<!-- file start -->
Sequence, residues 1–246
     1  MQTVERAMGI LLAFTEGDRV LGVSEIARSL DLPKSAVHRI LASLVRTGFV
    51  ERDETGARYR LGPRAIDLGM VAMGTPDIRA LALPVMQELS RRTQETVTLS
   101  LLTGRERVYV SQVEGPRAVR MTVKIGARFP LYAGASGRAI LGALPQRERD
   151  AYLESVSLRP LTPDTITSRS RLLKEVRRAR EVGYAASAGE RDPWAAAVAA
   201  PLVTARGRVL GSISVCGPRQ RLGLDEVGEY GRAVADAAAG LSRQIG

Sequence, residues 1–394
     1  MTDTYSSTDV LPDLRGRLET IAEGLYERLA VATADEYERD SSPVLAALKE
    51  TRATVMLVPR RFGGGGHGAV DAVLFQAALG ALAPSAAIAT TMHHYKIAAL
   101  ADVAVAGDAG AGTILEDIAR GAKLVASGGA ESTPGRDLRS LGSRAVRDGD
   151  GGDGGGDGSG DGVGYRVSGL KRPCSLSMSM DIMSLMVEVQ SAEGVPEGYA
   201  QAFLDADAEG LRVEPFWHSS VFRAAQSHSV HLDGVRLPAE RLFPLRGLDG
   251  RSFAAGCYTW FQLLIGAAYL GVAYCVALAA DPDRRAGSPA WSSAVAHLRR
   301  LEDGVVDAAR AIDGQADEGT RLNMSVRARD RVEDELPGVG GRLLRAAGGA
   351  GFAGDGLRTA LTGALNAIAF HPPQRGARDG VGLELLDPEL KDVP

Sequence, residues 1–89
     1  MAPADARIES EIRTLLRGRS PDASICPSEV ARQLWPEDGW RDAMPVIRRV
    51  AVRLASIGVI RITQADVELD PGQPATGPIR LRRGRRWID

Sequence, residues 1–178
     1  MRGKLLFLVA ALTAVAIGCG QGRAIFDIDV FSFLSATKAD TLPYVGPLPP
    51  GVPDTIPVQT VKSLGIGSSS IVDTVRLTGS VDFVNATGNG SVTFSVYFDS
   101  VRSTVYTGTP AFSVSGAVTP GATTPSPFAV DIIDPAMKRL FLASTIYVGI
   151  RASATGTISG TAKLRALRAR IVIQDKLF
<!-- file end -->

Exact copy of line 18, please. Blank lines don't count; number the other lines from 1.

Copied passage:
    51  AVRLASIGVI RITQADVELD PGQPATGPIR LRRGRRWID